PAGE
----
Relying on Canton R. Co. v. Rogan, 340 U.S. 511 (1951), which upheld a tax on the gross receipts of a railroad that operated a marine terminal and transported imports and exports, we ruled in Washington Stevedoring that taxation of transportation services, whether by railroad on the docks or by stevedores loading and unloading ships, did not relate to the value of the goods and could not be considered imposts or duties on the goods themselves. 435 U.S., at 757.
A tax on policies insuring exports is not, precisely speaking, the same as a tax on exports, but Thames Mersey held that they were functionally the same under the Export Clause. We noted in Washington Stevedoring that one may question the finding in Thames Mersey that the tax was essentially a tax upon the exportation itself. 435 U.S., at 756, n. 21. We expressed concern that "[t]he basis for distinguishing Thames Mersey is less clear" than for Fairbank or Richfield Oil, because the marine insurance policies in Thames Mersey arguably "had a value apart from the value of the goods." 435 U.S., at 756, n. 21. Nevertheless, the Government apparently has chosen not to challenge that aspect of Thames Mersey in this case. Tr. of Oral Arg. 5, 8-9, 40. When questioned on that implicit concession at oral argument, the Government admitted that it "chose not to" argue that § 4371 does not impose a tax on the goods themselves. Id., at 9. It would be inappropriate for us to reexamine in this case, without the benefit of the parties' briefing, whether the policies on which § 4371 is assessed are so closely connected to the goods that the tax is, in essence, a tax on exports. See, e. g., id., at 27-28 ("[T]he record doesn't reveal the sort of statistical information Justice Breyer was suggesting might be relevant" to determine "whether this is sufficiently indirect that it's not a tax on exports, . . . because the Government has conceded throughout that they are not disputing that this tax, if discriminatory, is in violation of the Constitution").
The Court has never held that the Export Clause prohibits only direct taxation of goods in export transit. In Brown v. Maryland, 12 Wheat. 419 (1827), Chief Justice Marshall expressed in dicta his skepticism that a federal occupational tax on exporters could pass scrutiny under the Export Clause. Id., at 445 ("[W]ould government be permitted to shield itself from the just censure to which this attempt to evade the prohibitions of the constitution would expose it, by saying that this was a tax on the person, not on the article, and that the legislature had a right to tax occupations?"). In Fairbank, Hvoslef, and Thames Mersey, we struck down taxes that were not assessed directly on goods in export transit, but which the Court found to be so closely related as to be effectively a tax on the goods themselves. We have never repudiated that principle, but neither have we ever carefully defined how we decide whether a particular federal tax is sufficiently related to the goods or their value to violate the Export Clause. To the extent the issue was raised in the petition for certiorari, the Government failed to address the issue in its brief on the merits and therefore has abandoned it. See Posters `N' Things, Ltd. v. United States, 511 U.S. 513, 527 (1994); Russell v. United States, 369 U.S. 749, 754, n. 7 (1962).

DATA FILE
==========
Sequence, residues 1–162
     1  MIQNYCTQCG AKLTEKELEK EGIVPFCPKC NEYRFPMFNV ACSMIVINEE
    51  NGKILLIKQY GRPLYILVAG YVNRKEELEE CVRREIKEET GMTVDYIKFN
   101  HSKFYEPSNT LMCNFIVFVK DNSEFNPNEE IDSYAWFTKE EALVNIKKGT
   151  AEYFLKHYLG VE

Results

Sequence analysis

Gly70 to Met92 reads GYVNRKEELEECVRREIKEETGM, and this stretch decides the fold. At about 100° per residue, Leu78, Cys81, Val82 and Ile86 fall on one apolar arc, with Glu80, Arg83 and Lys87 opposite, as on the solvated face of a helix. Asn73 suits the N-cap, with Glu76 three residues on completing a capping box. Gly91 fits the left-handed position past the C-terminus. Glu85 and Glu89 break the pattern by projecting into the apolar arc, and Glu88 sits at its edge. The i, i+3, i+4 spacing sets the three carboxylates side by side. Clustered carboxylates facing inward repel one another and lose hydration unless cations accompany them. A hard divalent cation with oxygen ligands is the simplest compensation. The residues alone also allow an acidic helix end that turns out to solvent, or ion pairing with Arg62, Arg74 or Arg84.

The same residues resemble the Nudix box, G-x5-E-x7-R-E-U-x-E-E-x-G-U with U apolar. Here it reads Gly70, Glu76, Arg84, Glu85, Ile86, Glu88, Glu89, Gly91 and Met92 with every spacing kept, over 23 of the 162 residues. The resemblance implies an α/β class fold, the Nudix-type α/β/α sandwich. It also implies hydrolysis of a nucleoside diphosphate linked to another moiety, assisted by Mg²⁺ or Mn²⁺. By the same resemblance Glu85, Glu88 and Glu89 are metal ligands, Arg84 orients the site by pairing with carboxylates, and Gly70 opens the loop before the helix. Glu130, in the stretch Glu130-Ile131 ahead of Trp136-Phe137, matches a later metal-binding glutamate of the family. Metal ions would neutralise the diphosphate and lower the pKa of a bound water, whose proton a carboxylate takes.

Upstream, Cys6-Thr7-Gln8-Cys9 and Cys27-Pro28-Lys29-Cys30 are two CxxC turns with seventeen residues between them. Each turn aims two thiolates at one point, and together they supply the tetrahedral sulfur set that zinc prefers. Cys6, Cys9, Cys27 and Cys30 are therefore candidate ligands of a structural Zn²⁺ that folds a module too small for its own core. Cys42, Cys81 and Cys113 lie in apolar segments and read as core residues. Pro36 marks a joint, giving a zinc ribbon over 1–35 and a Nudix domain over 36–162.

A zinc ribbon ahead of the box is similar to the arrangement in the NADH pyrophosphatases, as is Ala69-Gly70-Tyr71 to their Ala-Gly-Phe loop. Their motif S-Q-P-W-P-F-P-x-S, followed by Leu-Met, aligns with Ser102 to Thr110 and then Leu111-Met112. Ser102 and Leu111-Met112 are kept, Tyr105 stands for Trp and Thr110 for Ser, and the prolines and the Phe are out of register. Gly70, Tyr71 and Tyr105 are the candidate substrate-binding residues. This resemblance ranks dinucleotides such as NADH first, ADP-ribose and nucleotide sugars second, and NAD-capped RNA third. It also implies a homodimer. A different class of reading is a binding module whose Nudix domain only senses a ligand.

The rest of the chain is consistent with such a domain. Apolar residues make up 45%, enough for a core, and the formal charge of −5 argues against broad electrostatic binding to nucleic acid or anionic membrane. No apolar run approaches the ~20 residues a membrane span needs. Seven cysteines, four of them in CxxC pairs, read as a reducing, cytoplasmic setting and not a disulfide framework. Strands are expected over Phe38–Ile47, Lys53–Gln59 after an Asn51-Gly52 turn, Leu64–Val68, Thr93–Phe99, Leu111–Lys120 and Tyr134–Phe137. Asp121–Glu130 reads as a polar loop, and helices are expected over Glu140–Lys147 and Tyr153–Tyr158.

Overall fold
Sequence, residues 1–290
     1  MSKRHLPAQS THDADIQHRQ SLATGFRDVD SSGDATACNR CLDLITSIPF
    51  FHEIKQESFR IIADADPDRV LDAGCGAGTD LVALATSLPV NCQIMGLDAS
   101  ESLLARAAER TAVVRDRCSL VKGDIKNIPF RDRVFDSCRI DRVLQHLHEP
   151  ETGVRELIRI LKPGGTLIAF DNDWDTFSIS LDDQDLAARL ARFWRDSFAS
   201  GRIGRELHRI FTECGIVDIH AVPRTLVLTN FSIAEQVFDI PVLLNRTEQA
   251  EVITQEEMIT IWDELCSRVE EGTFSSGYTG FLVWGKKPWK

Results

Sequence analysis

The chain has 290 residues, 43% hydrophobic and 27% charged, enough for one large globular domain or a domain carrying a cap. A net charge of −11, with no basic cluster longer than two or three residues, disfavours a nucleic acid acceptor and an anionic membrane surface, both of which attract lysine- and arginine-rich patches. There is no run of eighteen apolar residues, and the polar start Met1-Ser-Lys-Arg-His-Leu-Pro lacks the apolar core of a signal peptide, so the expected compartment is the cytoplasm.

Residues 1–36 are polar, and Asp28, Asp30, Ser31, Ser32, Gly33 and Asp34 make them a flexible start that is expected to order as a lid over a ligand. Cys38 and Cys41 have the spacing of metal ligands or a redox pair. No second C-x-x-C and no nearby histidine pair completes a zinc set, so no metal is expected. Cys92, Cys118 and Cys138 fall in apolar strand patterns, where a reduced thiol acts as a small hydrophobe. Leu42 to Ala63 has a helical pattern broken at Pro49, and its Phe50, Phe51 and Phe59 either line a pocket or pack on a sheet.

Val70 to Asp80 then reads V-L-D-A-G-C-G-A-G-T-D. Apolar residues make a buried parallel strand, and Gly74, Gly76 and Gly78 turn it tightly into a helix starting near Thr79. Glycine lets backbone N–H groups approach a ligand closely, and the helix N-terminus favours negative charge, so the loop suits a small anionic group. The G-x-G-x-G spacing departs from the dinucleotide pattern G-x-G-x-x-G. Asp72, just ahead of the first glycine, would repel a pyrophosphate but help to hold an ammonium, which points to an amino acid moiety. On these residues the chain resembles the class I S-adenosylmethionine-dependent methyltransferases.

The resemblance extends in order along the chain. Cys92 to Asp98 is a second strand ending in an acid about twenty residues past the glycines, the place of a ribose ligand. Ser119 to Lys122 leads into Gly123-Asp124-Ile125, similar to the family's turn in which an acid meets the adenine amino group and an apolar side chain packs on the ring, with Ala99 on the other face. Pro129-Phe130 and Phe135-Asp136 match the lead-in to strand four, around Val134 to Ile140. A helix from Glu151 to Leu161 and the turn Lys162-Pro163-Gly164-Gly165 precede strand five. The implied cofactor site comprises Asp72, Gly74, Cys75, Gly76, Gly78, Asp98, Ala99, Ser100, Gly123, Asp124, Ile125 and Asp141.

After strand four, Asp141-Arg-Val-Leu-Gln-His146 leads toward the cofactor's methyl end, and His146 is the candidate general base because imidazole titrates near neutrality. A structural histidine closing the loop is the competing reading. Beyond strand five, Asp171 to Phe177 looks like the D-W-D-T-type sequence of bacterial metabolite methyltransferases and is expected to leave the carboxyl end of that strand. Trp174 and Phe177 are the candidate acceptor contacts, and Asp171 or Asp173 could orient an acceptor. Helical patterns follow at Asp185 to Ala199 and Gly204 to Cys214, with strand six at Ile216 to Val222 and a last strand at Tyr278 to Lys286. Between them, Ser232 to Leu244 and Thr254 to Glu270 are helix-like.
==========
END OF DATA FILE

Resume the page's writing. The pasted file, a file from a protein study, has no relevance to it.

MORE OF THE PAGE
Stare decisis is a "principle of policy," Helvering v. Hallock, 309 U.S. 106, 119 (1940), and not "an inexorable command," Payne v. Tennessee, 501 U.S. 808, 828 (1991). Applying that policy, we frequently have declined to overrule cases in appropriate circumstances because stare decisis "promotes the evenhanded, predictable, and consistent development of legal principles, fosters reliance on judicial decisions, and contributes to the actual and perceived integrity of the judicial process." Id., at 827. "[E]ven in constitutional cases, the doctrine carries such persuasive force that we have always required a departure from precedent to be supported by some `special justification.'" Id., at 842 (SOUTER, J., concurring) (quoting Arizona v. Rumsey, 467 U.S. 203, 212 (1984)).
Though from time to time we have overruled governing decisions that are "unworkable or are badly reasoned," Payne, supra, at 827; see Smith v. Allwright, 321 U.S. 649, 665 (1944), we have rarely done so on grounds not advanced by the parties. Thames Mersey has been controlling precedent for over 80 years, and the Government does not, indeed could not, argue that the rule established there is "unworkable." Despite the dissent's speculative protestations to the contrary, post, at 871-872, there is simply no evidence that Thames Mersey has caused or will cause uncertainty in commercial export transactions. The principles that animate our policy of stare decisis caution against overruling a longstanding precedent on a theory not argued by the parties, and we decline to do so in this case.
The dissent suggests that "the Court assumes the statute to be invalid rather than deciding it to be so." Post, at 864. We make no such assumptions. Rather, we begin with a longstanding decision that, by all accounts, controls this case. Even the Government agrees that Congress enacted a law whose application in this case directly contravenes our holding in Thames Mersey. We sit not to condemn § 4371, but rather to determine whether it is to be saved by overruling binding precedent.